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While other world leaders are calling the attacks in Paris an act of war and, in the case of France, stepping up their strikes on the Islamic State, President Obama said on Monday that the U.S. strategy does not need to change because of the "setback."

Analysts said this attitude represents an overconfidence in a U.S. strategy that hasn't changed, even as the Islamic State adjusts its strategy to include recent foreign attacks in Paris, Beirut and on a Russian airliner over Egypt.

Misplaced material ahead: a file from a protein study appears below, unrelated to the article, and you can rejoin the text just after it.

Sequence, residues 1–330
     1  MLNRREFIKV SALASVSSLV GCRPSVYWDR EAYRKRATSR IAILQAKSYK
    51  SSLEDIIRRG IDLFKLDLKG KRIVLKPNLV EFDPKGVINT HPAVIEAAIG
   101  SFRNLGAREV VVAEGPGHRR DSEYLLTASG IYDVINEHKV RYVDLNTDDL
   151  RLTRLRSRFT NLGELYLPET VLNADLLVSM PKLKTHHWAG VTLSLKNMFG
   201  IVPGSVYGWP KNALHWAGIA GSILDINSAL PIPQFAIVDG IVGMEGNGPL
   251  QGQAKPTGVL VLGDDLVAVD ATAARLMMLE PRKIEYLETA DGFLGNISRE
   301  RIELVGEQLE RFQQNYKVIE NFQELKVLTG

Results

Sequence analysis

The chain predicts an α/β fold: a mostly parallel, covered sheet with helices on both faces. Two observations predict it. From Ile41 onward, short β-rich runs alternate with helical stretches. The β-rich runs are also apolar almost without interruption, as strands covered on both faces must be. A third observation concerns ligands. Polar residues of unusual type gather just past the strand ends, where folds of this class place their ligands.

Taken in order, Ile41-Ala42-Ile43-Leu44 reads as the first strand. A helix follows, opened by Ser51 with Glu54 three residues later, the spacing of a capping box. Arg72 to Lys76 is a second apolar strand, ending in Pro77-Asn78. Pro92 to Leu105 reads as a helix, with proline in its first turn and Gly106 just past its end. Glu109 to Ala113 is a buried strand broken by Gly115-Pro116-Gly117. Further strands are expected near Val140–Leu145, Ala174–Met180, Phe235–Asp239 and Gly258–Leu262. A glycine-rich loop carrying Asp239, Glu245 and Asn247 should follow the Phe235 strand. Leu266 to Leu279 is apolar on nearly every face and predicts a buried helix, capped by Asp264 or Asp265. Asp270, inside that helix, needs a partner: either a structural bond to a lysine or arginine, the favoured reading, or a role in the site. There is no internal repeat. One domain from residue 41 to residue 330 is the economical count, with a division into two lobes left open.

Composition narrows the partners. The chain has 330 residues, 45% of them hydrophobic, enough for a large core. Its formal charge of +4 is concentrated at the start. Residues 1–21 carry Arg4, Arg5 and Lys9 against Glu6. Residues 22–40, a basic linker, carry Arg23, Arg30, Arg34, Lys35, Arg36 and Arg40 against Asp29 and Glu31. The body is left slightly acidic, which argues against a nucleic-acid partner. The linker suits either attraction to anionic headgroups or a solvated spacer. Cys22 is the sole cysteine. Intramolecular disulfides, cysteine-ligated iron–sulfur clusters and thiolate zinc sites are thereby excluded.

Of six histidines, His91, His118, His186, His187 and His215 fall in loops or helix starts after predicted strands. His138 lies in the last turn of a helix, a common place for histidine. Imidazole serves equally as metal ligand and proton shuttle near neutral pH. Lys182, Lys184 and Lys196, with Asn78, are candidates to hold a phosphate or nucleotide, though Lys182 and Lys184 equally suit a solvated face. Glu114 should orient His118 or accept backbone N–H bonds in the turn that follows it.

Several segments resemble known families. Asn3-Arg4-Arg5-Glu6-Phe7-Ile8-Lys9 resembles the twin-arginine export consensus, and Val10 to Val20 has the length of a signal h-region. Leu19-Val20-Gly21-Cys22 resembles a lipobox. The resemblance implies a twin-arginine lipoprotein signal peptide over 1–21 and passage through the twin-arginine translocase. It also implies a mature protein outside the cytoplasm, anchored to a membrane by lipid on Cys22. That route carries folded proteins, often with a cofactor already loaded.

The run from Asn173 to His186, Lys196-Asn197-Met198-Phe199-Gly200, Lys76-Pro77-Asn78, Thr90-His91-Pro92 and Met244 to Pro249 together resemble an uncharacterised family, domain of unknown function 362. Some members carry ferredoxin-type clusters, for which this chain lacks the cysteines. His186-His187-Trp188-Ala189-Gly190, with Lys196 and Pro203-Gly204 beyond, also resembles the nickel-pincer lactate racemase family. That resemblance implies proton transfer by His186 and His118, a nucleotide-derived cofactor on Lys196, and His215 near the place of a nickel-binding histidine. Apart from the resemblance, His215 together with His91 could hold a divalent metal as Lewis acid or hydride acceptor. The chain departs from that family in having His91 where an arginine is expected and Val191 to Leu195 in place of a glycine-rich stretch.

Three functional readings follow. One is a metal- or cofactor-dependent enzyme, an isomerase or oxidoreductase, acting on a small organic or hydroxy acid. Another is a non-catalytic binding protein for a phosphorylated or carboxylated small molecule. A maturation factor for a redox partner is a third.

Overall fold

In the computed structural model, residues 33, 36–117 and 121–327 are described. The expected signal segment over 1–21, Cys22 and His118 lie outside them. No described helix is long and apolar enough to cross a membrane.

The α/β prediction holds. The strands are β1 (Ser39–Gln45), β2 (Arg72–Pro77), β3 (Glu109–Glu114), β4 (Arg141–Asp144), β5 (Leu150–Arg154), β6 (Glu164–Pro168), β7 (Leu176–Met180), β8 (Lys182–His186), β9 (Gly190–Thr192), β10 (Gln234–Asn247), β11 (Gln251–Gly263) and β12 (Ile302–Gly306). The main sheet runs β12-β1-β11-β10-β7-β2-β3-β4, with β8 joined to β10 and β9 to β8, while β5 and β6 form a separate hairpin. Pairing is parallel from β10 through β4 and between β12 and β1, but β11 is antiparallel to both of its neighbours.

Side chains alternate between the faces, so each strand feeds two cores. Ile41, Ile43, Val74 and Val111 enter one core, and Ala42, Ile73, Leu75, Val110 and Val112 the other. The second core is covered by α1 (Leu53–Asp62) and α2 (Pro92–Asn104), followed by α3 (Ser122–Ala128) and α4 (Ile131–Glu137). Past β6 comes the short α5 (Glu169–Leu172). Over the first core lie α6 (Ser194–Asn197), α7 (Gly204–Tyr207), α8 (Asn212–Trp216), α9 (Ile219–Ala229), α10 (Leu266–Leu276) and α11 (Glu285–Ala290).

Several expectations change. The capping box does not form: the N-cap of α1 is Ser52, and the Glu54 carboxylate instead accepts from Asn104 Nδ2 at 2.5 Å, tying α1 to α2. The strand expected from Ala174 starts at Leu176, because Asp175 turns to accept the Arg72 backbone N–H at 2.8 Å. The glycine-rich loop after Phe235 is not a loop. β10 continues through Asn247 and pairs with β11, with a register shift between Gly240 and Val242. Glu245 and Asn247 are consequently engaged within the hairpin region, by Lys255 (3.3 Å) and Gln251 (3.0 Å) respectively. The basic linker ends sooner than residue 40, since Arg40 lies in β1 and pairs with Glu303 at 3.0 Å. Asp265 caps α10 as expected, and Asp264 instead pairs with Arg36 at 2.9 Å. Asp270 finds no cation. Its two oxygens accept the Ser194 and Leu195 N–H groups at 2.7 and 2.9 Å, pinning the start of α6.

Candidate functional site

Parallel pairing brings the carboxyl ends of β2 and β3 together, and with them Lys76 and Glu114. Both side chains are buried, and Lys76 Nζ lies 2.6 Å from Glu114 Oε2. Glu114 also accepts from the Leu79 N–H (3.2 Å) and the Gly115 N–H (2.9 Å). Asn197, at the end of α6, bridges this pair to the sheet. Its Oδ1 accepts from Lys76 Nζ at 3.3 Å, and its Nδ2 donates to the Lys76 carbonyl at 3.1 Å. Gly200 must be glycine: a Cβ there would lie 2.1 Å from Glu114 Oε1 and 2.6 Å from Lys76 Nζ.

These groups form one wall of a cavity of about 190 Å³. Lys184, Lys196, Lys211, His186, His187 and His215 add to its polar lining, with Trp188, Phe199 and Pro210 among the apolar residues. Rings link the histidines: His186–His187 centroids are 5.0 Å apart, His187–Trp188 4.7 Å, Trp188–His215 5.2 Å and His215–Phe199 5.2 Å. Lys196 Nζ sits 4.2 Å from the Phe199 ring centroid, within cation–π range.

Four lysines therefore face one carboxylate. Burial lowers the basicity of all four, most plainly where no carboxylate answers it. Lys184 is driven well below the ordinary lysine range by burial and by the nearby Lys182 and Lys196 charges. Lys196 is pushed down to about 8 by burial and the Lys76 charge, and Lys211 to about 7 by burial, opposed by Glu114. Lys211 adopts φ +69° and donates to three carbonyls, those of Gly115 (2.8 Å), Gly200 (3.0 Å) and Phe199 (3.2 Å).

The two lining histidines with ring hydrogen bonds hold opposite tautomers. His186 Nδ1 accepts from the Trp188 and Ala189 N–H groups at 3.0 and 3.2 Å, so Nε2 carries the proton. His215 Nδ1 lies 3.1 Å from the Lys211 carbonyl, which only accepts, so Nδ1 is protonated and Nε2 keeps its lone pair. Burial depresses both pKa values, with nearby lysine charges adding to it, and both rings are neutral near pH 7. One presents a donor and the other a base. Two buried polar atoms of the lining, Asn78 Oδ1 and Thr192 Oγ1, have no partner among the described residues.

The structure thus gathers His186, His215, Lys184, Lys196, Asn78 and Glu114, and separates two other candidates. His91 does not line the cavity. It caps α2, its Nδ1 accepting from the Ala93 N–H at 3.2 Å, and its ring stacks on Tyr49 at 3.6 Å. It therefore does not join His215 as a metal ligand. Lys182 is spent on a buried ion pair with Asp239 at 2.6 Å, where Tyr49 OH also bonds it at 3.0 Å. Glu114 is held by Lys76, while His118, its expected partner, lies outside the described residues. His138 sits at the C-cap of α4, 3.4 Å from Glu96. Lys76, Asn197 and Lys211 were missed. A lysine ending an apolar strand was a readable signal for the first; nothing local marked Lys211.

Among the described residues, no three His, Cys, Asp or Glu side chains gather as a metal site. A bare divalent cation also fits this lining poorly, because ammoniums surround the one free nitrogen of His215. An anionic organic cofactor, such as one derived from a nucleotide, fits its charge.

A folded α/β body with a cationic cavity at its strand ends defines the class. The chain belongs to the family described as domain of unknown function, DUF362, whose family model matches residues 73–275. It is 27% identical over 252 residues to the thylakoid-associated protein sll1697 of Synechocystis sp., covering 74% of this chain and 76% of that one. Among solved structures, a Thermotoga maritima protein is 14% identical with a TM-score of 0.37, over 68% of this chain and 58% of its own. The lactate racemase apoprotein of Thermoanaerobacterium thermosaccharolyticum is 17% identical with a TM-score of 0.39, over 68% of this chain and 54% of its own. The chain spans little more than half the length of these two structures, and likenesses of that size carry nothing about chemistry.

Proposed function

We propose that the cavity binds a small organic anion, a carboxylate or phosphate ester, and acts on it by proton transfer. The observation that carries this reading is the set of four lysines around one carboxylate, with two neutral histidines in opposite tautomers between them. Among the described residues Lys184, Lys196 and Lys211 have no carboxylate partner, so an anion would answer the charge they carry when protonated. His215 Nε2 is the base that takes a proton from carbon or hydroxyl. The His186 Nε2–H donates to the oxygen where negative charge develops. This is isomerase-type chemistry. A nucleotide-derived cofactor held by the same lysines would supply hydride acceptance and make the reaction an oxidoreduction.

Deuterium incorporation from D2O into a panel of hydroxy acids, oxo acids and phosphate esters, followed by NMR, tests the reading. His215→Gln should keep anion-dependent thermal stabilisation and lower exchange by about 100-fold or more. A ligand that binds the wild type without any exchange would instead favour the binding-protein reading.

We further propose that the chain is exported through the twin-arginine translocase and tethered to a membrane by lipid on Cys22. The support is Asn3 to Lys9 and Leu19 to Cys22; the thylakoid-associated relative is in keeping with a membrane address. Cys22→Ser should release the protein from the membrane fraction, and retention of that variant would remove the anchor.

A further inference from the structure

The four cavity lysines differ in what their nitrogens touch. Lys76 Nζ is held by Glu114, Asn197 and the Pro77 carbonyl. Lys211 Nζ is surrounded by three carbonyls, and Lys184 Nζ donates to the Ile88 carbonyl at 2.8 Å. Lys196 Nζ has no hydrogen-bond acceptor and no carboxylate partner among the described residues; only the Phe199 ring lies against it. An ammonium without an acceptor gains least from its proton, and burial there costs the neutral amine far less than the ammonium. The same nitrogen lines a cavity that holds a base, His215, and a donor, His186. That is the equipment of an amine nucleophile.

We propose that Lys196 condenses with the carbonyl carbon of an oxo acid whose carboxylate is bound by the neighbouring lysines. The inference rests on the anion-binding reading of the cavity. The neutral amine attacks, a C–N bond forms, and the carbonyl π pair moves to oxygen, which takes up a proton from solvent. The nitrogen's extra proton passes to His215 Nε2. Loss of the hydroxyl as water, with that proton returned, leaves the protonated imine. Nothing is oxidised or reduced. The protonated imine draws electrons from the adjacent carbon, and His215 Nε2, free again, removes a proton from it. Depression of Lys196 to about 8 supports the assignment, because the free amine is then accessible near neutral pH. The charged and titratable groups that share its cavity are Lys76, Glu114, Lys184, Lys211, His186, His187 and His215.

By not taking these changes into account, Obama's speech at the G20 meeting in Turkey came off as "almost tone deaf," said Justin Johnson, a senior analyst at the Heritage Foundation.

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"Why isn't Obama at least willing to say 'let's look at the strategy again, let's double check to make sure this strategy is the right one,'" Johnson said. "The fact that he's not even willing to say that is concerning and could reflect an over confidence or a lack of understanding of just how important the situation is."

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